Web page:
"Too Long in Bed," "As Always," and "Connecting"
Too Long in Bed
The afternoon turns gray,
apologizes for my apprehensions,
each of them, all of them
focused on the meanness
and certainty of death.
This is winter at its most reliable.
The news speaks of iguanas
falling from their tree beds,
immobile in the cold weather.
Frightened, I stay too long in bed;
I am AWOL from my own hopes.
I dream of creating unimaginable icons
out of spit and clay, of kingdoms
made of Cliff Rose and courage.
Someone, I don’t recall who, called death
“timid.” I have not seen that. It’s arrogant
and aggressive, never afraid of itself,
always certain of its own rightness. Not like me.
The news shows iguanas falling from the trees,
immobile in the cold weather, fair game for hawks
or chefs who claim they taste like chicken.
I, too, am immobile. Frightened,
I stay too long in bed.
Maybe if I told you the right words at the right time…
What about chaos is so damn fascinating?
The terror of birds in the skies that belong to them,
the murder of those birds,
the strangulation of air,
the addictive nature of dropping bombs
and shooting holes in human bodies as if
there were paper targets–bullseyes–
firmly pinned to their hearts and heads?
It’s all gone wrong. We are using the world
as if there was an unhurried shower of time,
an eternity of days, hours, minutes, an earth that
is always growing, always green.
Don’t we believe in winter–in the
pissed-off dark trees, aluminum skies,
black restless oceans and frozen lakes,
bleak winds and bitter bite of winter?
Did we ever believe in it?
We spend lifetimes–ours and others’–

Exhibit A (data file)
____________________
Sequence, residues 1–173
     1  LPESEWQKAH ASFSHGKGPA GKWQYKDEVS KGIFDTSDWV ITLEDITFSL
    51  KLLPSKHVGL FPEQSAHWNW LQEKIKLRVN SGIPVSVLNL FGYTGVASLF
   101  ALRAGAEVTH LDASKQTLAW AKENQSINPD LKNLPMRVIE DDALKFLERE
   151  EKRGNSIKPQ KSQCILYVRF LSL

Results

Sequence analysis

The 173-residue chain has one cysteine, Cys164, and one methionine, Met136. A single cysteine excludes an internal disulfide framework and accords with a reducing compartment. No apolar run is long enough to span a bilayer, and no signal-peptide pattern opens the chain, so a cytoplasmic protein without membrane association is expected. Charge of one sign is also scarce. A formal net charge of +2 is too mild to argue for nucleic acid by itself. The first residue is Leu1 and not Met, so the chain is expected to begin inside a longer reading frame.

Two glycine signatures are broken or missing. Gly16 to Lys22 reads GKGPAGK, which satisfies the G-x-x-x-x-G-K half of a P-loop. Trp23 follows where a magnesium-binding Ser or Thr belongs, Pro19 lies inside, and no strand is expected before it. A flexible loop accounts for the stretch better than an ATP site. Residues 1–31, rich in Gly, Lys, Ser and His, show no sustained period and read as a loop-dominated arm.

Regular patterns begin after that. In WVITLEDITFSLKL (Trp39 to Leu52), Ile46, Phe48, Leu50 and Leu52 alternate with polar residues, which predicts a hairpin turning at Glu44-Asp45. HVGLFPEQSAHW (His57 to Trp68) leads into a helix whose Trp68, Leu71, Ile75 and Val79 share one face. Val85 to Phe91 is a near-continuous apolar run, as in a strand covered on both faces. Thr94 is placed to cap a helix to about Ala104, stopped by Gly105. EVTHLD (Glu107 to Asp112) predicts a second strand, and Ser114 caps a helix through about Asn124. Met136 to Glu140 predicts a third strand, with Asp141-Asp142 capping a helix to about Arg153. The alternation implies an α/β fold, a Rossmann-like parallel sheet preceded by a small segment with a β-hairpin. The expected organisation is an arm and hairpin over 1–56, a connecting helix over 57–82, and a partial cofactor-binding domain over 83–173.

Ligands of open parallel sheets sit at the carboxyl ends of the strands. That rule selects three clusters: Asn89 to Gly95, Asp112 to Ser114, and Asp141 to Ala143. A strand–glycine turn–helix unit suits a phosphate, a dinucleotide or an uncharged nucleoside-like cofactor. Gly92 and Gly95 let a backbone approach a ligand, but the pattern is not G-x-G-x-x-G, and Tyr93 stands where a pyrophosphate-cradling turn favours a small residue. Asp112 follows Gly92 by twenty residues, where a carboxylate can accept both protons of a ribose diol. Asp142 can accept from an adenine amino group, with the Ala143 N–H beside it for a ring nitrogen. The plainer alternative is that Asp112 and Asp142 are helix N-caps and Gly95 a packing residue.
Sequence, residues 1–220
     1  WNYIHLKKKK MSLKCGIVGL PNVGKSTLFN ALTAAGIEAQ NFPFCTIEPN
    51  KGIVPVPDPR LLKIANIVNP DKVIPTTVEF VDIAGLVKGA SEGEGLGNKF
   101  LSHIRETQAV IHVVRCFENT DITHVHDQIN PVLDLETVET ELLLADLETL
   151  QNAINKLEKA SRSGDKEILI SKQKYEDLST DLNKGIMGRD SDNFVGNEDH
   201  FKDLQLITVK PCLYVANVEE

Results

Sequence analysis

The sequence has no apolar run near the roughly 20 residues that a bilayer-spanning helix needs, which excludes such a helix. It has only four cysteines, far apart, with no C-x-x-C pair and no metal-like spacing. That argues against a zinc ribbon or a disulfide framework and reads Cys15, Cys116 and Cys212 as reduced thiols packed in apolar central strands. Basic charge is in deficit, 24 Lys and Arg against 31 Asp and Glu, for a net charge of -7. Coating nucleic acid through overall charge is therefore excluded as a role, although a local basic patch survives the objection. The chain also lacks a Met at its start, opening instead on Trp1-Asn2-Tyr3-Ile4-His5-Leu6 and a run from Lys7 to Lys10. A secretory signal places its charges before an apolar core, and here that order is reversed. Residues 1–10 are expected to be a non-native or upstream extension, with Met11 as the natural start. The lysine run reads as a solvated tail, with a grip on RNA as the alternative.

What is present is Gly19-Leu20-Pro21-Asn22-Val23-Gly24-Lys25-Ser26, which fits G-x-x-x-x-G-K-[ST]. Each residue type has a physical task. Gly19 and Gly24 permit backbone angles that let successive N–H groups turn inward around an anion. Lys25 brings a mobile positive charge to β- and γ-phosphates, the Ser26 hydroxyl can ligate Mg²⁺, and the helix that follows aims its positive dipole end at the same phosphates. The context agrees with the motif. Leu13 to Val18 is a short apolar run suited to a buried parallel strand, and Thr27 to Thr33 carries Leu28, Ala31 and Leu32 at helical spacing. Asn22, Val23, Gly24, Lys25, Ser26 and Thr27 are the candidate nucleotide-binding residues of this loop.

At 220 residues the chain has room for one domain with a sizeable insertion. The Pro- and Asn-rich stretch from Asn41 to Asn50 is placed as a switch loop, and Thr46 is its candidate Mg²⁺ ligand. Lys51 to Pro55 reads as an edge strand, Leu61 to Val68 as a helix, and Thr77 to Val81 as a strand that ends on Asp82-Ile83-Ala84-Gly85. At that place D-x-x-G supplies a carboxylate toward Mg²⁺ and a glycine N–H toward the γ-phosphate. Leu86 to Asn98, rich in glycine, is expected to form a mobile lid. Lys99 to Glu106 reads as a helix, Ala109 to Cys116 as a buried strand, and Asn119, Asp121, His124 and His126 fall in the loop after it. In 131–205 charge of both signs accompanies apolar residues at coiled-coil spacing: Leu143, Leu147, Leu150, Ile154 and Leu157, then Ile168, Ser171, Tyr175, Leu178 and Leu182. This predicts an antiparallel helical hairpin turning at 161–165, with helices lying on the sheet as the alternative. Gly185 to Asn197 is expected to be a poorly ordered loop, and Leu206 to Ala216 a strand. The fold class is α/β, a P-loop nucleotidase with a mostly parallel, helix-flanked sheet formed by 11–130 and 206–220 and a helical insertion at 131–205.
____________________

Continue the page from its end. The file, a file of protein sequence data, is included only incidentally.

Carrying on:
looking for something that might be,
only to find things that never were,
were never meant to be
and nurturing those things.
We make love to what isn’t there
and ignore what is always present.
Someone once told me that,
in order to restore peace,
you have to puncture the current peace
with a thorn or a needle
to let the old atmosphere out.
A new peace, they said, will let itself in and
reinflate the soul of the world.
Can that be true?
Revolutions have been founded there.
Of an eco-peace, I’m not sure.
What about a planet so punctured,
so wounded that it is no longer able
to take a healing breath?
As always, I look for the answers in your eyes,
in your fragile hands.They are to be found
If you are feeling left out, be aware
that it is not through any fault of yours.
You have probably done mostly right things,
thought mostly right thoughts, paid what bills and tithes
you could. Most likely you have worked and so
has your loving companion. Most likely
you have kept up with oil changes, weather
changes, diaper changes, shift changes, time
changes, broken garbage disposals, and
Christmases coming too soon every year.
Clothes off the rack, coupons at the market,
flossing your teeth, wearing deodorant
and using makeup appropriate for
your age group. Undoubtedly, you have loved
your children, fed your pets, quit smoking, quit
drinking to excess, had nightmares about
being too fat. You do as others do,
times you even do what you want to do.
And still, as you approach the many, the
diverse circles of those you like to think
of as your countrymen/women, they don’t
see you. They exchange stories and secrets,
pass candies hand to hand, skipping your hand,
looking over the top of your head. You
are invisible. Please listen to me:
It’s not your fault. America exists
on the mean edges of reality.
These are times of deadly sins--all seven
of them held dear on social media.
The hearts of Envy and Greed throb
steady under the guise of “connection.”
Facebook celebrates itself with “selfies.”
Twitter is a drunk hit-and-run driver.
Creativity is wrapped in toilet tissue,
and Instagram ribbons. It’s not your fault
that you’re the first loser at U.S.A’s
musical chairs debacle. It’s just the
way it is. The only advice I can
give you, friend, is, while in America,
watch your damn step.
Martina Reisz Newberry’s newest collection, Blues for French Roast with Chicory was published by Deerbrook Editions in February, 2020. Her work has been widely published in the U.S. and abroad. She lives in Los Angeles with her husband, Brian Newberry, a Media Creative.